Many international cars hire companies operate in Brazil although their locations tend to be restricted to major cities and airports. There will usually be at least one English speaker in each rental location.
You can find details on how to book a rental vehicle through their respective web sites. It is recommended that you book your car rental in advance of your travel as this guarantees a vehicle being available and will generally save money.
In order to hire a vehicle, you will require a driving license issued by your country of residence and an International Driving Permit. In many instances you will need to be at least 21 to hire a car. Some locations may permit younger drivers in exchange for an additional fee.
When hiring a car, you will be required to provide a credit card for payment. Checks, cash and debit cards are not generally accepted as any charges relating to your use of the vehicle such as parking or speeding fines can be charged to the credit card.
Often the price quoted for hiring a vehicle won’t include all applicable taxes or insurance waivers. You will usually have the option of paying extra to reduce the amount payable by you should you be involved in a collision. Always ask when hiring a vehicle what the total costs will be.
In addition to the charges for renting the vehicle you will also be required to submit a security deposit in the form of a ‘hold’ on an amount of money on your credit card.
Driving a Manual / Stick-Shift
The majority of cars available for hire will have a manual transmission, although in many locations automatic transmission cars are available for a higher fee. If you do not have experience of driving a manual transmission, Brazil is not the place to learn. It is advised that you pay the extra for the automatic.
Brazil has a Lei Seca (‘Dry Law’) for drinking and driving. Drivers with any measurable amount of alcohol in their system are in violation of the law. Law enforcement is strict and roadblocks are routinely set up by the police to administer breathalyzer tests. Drivers will be selected at random and asked to exit their vehicles to perform a test. As well as legal penalties, drivers who fail tests will have their cars impounded.
When driving in Brazil you should carry a fire extinguisher and first aid kit.
It is not considered safe to park on-street in Brazil due to the high number of thefts from vehicles. If you have no option but to leave your car on the street make sure all valuables are removed from your vehicle, all doors and locked and additional safety devices (such as alarm/ steering lock) are used if possible. It is recommended that you use a secure parking lot such as a paid parking facility or hotel parking.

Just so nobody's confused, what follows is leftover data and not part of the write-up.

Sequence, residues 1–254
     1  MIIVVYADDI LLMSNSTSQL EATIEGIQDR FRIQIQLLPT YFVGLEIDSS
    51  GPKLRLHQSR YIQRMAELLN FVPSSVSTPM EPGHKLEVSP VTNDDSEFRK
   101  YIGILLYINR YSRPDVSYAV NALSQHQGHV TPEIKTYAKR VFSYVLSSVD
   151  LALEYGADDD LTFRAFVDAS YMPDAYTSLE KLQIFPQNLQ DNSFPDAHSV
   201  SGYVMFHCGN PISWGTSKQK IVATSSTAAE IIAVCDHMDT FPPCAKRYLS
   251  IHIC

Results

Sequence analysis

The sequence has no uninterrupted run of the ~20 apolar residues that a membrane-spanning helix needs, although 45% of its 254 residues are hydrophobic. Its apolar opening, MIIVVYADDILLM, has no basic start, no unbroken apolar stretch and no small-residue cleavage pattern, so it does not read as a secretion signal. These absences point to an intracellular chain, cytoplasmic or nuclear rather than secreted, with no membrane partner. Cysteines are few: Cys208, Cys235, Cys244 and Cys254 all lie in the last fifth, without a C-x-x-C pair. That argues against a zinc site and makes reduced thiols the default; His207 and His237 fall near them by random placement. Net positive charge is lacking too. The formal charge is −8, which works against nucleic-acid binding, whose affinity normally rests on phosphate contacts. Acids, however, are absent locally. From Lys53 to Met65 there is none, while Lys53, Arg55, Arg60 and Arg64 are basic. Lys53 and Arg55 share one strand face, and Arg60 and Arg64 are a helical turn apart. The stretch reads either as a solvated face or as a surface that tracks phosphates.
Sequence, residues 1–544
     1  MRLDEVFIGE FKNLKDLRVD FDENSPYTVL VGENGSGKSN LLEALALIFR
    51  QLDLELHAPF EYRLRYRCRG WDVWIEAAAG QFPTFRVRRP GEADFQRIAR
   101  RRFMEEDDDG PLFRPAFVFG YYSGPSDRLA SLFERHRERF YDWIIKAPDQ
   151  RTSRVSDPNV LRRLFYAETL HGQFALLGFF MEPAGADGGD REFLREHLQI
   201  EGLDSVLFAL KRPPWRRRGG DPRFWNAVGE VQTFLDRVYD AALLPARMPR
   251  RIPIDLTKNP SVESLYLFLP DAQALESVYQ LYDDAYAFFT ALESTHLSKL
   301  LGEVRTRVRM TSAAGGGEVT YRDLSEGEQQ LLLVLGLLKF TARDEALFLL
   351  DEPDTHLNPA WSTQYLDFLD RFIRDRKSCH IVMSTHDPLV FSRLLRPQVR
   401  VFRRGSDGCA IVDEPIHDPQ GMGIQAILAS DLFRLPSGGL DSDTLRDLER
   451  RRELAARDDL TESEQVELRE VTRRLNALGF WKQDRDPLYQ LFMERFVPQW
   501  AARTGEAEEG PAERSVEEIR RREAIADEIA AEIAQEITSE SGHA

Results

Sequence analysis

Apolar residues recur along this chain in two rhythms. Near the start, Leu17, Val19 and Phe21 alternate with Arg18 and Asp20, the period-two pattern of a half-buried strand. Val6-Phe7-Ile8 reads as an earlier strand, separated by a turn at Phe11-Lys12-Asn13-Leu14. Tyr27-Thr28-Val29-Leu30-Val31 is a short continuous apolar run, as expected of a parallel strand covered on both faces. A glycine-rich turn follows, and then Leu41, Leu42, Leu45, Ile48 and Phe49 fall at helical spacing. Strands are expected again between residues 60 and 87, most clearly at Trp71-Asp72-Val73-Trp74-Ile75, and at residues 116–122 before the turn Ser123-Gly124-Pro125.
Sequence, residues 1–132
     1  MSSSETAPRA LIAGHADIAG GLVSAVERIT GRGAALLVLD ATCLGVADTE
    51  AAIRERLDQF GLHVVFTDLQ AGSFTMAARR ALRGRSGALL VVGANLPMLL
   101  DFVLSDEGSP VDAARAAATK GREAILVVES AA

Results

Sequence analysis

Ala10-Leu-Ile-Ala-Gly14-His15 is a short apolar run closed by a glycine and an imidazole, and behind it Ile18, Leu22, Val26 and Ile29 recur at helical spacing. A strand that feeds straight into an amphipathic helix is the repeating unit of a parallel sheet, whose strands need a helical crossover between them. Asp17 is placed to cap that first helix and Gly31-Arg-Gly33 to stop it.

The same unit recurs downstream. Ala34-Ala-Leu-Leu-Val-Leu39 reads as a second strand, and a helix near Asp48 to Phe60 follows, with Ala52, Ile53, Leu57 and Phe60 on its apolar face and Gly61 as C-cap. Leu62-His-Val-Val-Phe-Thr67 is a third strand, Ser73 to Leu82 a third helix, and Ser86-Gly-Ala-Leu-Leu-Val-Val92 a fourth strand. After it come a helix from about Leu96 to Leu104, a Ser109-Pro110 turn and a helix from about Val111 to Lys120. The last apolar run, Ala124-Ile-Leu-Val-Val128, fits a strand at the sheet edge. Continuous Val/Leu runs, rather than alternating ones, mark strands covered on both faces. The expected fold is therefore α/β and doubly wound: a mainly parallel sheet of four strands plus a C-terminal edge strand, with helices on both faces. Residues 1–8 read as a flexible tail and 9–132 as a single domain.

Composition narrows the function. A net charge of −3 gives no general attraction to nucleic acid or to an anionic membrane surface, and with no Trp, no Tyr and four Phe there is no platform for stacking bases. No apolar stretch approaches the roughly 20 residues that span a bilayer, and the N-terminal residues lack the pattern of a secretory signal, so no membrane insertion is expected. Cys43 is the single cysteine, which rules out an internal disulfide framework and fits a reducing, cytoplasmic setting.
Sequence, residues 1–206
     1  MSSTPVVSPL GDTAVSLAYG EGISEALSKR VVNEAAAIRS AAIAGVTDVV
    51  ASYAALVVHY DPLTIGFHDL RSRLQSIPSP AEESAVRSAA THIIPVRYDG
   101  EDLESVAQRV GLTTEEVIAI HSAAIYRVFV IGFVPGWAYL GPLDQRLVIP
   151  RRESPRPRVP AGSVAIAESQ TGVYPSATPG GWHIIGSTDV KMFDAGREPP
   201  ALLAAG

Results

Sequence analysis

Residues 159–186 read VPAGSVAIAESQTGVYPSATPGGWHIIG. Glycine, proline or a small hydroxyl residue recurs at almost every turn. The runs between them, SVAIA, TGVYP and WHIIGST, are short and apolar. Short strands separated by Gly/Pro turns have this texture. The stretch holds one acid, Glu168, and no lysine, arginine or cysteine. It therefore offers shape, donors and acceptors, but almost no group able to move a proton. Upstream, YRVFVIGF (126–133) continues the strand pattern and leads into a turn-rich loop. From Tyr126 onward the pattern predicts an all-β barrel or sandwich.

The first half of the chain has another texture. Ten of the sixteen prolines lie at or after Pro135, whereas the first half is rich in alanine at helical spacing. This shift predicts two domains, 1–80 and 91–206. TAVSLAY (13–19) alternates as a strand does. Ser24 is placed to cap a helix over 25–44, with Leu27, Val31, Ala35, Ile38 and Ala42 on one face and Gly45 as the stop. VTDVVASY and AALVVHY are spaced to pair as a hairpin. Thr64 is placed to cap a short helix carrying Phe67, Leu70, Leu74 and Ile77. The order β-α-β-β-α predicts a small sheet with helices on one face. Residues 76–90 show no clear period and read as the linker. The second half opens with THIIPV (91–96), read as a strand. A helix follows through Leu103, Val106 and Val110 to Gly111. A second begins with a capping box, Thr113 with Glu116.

Look out for ‘flanelinhas’ operating in Brazil. Usually male, these people offer to help drivers find places to park and look after their cars for them. The activity is illegal but enforcement is low. Flanelinhas will charge people as soon as they leave their car, and non-payers have been known to have their tires or cars damaged. Some flanelinhas even ask drivers to leave their keys with them. Avoiding the situation completely is recommended.
All vehicle occupants must wear seat belts.
Car seats are required for all children under the age of 7½. Between 7½ and 10 children must not ride in the front seat. They must be seated in the back seat wearing a seat belt.
Hand-held mobile phones are prohibited while driving.
Right turns at red lights are not permitted unless otherwise indicated by a sign reading ‘livre a direita’.
Drivers must yield right of way to cars on their right. Many drivers treat stop signs as yield signs.
Be particularly cautious when travelling close to trucks in Brazil, there is potential for drivers to be tired.
School times are staggered in Brazil – some public high schools have classes in the morning, afternoon and evening, so the streets can be full of children on their way to and from school four times a day. Police officers sometimes act as crossing guards.
Drivers sometimes flash lights or wave a hand out of a window to signal other drivers to slow down.
Driving in Brazil can be quite an experience. Urban streets can be very busy with pedestrians, who may not always cross at designated crossings. Pedestrians often run part-way across the road and wait in the center until the opposite carriageway is clear. If you see a pedestrian waiting in the middle of the road, away from a crossing area, it is not common practice to stop to allow them to cross. Doing so could cause a collision as local drivers are not used to this.